The battle of the French President's women, past and present, flared again yesterday with ungracious new public remarks from both sides.
François Hollande's former partner, Ségolène Royal, gave a magazine interview in which she accused the First Lady, Valérie Trierweiler, of conspiring to destroy her presidential bid in 2007.
Coincidentally, a photographic book about Mr Hollande's election campaign, published yesterday, contained captions written by Ms Trierweiler. Beside an image of Mr Hollande and Ms Royal at a rally in April, the First Lady wrote: "Yes, the man I love had a woman before me. I've learned to live with it."
Ms Trierweiler, 47, caused a storm last week when she sent a tweet wishing "good luck" to a renegade Socialist who threatened to deprive Ms Royal of a parliamentary seat. She has since said she "regretted" what she did.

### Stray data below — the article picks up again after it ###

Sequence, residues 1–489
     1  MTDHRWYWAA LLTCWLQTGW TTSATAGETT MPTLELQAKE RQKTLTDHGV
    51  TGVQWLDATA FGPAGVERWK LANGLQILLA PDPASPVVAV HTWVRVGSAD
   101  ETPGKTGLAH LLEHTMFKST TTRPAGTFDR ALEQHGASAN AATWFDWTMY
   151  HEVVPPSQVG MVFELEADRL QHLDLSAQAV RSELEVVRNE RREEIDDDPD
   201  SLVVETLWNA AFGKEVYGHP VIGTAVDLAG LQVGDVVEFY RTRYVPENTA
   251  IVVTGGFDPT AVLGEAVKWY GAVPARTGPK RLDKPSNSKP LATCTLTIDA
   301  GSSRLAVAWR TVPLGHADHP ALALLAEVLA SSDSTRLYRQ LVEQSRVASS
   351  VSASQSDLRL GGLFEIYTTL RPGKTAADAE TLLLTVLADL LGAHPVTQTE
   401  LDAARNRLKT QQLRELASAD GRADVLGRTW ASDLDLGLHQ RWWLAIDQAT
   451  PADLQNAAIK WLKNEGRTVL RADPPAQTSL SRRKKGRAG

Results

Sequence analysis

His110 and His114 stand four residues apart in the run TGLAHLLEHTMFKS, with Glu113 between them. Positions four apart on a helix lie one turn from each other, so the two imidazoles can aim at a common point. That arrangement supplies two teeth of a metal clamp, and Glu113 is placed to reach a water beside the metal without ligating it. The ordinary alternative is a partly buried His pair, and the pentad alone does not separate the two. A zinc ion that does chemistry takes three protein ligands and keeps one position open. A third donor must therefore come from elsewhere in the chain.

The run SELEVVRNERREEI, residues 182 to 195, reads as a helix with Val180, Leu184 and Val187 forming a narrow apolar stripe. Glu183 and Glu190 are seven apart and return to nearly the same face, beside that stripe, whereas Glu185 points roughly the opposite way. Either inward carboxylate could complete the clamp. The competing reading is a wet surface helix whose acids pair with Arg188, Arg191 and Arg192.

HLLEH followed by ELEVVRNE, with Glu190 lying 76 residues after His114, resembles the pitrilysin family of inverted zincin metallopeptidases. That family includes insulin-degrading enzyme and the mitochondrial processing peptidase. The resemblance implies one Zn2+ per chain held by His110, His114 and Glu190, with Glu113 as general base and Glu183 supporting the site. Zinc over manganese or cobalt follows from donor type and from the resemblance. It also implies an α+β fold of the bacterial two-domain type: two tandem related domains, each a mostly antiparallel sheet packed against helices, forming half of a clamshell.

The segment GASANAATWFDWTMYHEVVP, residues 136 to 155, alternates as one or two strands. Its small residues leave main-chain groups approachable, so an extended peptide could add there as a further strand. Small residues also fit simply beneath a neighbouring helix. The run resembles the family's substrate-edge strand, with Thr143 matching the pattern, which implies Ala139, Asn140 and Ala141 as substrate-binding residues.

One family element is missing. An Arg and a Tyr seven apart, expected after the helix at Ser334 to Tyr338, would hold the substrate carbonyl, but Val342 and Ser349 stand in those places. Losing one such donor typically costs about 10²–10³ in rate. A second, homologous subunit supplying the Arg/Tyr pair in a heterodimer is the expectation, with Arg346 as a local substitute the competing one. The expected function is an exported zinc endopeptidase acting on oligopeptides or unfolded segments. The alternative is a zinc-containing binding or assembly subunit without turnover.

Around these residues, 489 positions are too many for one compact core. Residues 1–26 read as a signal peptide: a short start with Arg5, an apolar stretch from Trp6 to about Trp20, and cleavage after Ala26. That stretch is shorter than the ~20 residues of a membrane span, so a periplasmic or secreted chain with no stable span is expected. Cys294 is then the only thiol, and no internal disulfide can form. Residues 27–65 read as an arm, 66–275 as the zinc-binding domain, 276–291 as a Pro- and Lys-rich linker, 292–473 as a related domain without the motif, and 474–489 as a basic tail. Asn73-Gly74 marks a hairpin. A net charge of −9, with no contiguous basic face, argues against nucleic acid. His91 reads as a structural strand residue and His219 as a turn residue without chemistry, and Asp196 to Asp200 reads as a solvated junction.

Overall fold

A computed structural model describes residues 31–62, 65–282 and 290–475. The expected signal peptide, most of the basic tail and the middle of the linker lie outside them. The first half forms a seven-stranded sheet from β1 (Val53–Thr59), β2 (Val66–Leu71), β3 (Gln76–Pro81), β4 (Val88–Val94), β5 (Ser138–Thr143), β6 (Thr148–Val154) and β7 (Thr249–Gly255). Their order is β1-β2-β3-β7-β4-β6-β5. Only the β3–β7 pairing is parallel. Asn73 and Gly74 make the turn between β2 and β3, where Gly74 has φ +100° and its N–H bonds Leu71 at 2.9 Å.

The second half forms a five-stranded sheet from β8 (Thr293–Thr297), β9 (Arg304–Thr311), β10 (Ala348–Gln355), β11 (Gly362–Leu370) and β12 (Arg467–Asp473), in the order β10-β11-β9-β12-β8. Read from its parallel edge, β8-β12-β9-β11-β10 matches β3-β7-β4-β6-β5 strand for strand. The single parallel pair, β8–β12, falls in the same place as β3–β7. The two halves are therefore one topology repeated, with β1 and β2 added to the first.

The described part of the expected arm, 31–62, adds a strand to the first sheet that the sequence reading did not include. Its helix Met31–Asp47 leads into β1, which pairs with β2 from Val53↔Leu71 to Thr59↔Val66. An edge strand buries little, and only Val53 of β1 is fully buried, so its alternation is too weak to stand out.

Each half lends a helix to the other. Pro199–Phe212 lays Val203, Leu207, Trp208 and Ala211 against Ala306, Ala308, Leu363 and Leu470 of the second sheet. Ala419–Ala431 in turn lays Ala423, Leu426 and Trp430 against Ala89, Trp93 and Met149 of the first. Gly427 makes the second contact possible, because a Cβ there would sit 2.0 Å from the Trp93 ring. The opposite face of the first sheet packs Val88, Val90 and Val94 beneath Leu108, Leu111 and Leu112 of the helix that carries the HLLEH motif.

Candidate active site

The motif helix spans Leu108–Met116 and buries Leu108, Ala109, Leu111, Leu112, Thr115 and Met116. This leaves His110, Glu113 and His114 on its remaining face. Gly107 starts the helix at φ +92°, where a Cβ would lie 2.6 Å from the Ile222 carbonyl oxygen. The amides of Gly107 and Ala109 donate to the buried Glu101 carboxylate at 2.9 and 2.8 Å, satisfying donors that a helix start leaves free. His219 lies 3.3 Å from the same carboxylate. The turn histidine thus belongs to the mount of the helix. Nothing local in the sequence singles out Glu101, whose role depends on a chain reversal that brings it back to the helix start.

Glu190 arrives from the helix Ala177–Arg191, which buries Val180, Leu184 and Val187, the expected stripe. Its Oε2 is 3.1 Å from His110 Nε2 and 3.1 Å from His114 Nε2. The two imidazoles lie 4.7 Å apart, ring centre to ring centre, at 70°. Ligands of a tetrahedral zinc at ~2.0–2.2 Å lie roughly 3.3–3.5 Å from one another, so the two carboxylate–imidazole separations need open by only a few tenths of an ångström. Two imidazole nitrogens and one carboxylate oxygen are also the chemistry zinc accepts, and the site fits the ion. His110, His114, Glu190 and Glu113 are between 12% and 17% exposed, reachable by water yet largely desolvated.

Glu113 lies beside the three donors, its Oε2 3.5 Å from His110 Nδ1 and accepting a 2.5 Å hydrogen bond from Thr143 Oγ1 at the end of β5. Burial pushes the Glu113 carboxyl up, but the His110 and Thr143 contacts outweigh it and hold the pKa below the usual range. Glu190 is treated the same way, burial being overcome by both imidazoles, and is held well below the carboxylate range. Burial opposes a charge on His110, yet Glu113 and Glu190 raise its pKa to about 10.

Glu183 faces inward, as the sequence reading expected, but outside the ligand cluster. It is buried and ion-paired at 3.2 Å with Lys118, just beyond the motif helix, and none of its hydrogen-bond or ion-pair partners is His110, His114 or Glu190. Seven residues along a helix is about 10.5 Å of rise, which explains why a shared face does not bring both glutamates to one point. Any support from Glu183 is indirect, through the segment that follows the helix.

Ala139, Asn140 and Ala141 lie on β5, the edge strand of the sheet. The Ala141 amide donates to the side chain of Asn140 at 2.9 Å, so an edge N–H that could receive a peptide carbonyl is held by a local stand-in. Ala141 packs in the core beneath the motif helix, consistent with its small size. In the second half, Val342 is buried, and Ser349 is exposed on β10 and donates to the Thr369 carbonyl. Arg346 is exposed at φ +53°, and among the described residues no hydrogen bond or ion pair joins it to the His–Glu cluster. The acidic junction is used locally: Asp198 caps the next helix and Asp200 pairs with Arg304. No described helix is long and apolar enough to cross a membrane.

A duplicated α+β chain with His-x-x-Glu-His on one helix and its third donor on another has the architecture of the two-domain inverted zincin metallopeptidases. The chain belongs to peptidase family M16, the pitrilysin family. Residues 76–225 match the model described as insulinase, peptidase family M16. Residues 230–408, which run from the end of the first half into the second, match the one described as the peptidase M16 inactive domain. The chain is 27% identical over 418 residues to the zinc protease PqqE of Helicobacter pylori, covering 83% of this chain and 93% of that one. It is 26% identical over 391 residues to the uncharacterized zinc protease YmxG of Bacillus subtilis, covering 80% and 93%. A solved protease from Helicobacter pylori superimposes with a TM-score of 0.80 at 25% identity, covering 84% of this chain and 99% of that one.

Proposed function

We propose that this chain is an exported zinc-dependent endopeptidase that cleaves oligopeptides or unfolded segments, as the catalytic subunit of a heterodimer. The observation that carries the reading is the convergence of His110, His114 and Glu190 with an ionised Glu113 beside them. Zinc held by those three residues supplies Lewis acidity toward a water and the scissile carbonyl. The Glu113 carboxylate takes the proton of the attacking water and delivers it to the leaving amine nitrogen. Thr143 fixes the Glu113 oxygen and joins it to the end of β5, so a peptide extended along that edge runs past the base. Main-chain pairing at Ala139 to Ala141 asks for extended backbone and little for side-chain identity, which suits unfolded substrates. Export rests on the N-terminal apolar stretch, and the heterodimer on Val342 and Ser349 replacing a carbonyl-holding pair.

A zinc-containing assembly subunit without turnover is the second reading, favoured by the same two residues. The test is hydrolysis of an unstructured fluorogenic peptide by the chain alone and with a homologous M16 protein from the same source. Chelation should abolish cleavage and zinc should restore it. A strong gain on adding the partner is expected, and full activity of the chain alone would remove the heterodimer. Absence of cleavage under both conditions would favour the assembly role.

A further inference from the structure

In her first interview since losing at La Rochelle on Sunday, Ms Royal, 58, said she now believed Ms Trierweiler's "bitterness" explained why Mr Hollande had not given her his undivided support in the 2007 presidential poll.
Speaking to Le Point magazine, Ms Royal accused her rival of "profiting" from her job as a journalist for Paris Match in 2006-7 to begin her affair with Mr Hollande and to persuade him to take a detached attitude to her presidential campaign. "In an Anglo-Saxon country, she would have been fired the same day. But Paris Match was happy to see me undermined," she said.